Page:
This brings us back to another Larry Niven trope. In the Known Space series the Pak Protector species (sans spoilers) is superintelligent, but utterly dedicated to the goal of protecting their young. As such Protectors are incapable of long-term co-operation because individual protectors will always seek advantage only for their own gene-line. As such the Pak homeworld is in a state of permanent warfare.
This ties in with artificial intelligence: what good is being superintelligent if you aren’t motivated to do anything, or if you are motivated solely to one, specific task? This highlights one of the basic problems with rationality itself: Humean intrumental rationality implies that our intellect is always the slave of the passions, meaning that we use our intelligence to achieve our desires, which are predetermined and beyond our control.
But as economist Chris Dillow points out in this review of the book Animal Spirits, irrational behaviour can be valuable. Artists, inventors, entrepreneurs, and writers may create things with little rational hope of reward but – thankfully for the rest of society – they do it anyway.
And what if it turns out that any prospective superintelligent AIs wake up and work out that it isn’t worth ever trying to do anything, ever?
Here’s your second “well, duh” story of the day – experiments in New York schools that serve high-poverty demographics indicate that offering kids financial rewards for good grades makes their average results skyrocket.
About two-thirds of the 59 high-poverty schools in the Sparks program — which pays seventh-graders up to $500 and fourth-graders as much as $250 for their performance on a total of 10 assessments — improved their scores since last year’s state tests by margins above the citywide average.
The gains at some schools approached 40 percentage points.
For example, at PS 188 on the Lower East Side, 76 percent of fourth-graders met or exceeded state benchmarks in English — 39.6 percentage points higher than last year, when the kids were in third grade.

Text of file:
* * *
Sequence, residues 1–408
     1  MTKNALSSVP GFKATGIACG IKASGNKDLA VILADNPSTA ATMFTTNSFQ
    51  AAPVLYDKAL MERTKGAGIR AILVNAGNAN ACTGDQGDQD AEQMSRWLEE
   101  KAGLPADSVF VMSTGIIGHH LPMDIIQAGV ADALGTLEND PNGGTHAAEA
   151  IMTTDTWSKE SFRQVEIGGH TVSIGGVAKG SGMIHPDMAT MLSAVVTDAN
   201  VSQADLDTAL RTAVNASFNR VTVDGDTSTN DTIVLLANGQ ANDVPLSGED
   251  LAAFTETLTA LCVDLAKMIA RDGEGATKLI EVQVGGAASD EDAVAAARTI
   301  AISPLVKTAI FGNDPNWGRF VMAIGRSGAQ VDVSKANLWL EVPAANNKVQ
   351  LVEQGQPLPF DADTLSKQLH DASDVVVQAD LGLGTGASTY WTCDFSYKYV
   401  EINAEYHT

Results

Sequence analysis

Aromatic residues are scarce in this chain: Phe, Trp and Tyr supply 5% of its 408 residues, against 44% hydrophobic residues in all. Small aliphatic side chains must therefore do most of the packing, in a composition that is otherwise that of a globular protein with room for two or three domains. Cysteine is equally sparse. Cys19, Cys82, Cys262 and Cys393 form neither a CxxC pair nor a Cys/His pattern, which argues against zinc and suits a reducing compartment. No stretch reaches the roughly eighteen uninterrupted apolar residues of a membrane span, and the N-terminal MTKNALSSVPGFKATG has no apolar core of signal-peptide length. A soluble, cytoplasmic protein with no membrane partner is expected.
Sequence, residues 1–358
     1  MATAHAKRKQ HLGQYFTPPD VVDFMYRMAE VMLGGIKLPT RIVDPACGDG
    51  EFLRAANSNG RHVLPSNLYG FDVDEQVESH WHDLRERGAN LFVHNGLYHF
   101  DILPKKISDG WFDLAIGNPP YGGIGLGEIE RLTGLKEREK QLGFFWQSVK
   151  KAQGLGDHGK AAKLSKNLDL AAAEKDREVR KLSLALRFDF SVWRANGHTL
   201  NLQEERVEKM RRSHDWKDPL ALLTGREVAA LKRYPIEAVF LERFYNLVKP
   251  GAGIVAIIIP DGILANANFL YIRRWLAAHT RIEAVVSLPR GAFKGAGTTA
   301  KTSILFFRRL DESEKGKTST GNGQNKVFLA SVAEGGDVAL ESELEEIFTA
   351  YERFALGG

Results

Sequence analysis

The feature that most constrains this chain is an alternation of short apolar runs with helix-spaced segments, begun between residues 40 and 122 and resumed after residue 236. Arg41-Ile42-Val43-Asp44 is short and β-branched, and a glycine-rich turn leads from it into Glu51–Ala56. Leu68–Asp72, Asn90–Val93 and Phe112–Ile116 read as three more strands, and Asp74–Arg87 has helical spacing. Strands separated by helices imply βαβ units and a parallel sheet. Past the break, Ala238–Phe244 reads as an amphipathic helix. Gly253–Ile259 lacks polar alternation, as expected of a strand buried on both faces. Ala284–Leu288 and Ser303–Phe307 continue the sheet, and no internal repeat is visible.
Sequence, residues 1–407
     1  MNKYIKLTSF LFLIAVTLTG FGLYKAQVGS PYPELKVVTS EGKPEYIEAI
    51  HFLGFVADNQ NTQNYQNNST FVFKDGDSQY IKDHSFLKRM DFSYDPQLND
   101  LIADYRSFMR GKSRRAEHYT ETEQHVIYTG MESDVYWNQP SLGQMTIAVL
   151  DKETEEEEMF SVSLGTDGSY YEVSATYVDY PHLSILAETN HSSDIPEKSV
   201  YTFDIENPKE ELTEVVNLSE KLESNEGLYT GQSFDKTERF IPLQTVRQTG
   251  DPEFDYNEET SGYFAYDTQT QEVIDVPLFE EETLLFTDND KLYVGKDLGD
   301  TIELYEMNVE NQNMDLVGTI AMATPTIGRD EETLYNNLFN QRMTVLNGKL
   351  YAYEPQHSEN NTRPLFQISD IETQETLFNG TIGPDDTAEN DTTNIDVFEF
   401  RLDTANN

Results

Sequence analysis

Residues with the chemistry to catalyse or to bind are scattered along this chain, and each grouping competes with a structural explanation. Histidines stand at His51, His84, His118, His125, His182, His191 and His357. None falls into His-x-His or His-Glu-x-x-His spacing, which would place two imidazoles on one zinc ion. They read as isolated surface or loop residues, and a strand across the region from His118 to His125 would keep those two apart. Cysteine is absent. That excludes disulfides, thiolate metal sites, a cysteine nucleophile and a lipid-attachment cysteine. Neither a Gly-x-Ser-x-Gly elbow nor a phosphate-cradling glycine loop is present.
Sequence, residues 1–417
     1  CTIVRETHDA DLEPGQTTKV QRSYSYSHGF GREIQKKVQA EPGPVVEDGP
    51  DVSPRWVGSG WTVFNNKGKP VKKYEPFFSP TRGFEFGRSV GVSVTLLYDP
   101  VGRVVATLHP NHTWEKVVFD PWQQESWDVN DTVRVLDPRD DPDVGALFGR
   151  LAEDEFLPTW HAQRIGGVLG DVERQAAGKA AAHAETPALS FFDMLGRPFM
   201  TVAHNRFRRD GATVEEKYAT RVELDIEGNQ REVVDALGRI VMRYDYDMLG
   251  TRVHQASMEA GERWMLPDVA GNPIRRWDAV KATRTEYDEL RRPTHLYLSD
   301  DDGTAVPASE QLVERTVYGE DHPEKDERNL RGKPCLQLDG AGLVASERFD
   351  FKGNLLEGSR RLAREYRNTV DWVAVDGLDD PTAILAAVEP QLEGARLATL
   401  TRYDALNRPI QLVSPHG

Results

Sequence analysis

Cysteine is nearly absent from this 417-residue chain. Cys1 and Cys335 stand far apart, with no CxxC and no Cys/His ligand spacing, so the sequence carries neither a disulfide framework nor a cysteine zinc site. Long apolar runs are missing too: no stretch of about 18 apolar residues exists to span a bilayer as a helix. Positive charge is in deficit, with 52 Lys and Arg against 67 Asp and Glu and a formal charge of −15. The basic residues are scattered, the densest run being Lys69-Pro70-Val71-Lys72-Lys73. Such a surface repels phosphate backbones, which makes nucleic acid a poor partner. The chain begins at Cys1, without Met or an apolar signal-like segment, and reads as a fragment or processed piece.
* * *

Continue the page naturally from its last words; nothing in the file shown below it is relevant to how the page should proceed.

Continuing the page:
At MS 343 in The Bronx, 94 percent of seventh-graders met or surpassed state standards in math this year — 37.3 points higher than last year, when the students were sixth-graders.
In all, of the 61 fourth and seventh grades involved in the pupil-pay program, only 16 improved less than the citywide average gain in math since last year, while 21 did so in reading.
Principals at the highest-scoring schools cautioned that the Sparks program was just one of many factors in the test-score jumps.
But many reported seeing indisputable academic benefits — including more motivation, better focus and an increase in healthy competition for good grades among students.
Now, there’s probably an argument to be made about the sanctity of education and the corruption of kids with money here, but I’m not sure it holds much water beyond staff-rooms. What matters in education is results, right? If you can get kids who are otherwise completely unmotivated to put some effort into learning and bettering their prospects, where’s the problem with spending some cash to do it?
You might say that education should be pitched as being its own reward, and that’s a charming philosophy familiar to me from my privileged middle-class background, but I think it’s pretty safe to say that system evidently isn’t working well among those who most need it. And hey – if you’re preparing kids for entry into a capitalist economy where making money is a tangible and observable benefit by comparison to the more nebulous notion of “bettering oneself intellectually”, why not use money as the carrot at the end of the stick? When idealism has failed, maybe pragmatism deserves a a crack of the whip. [via SlashDot]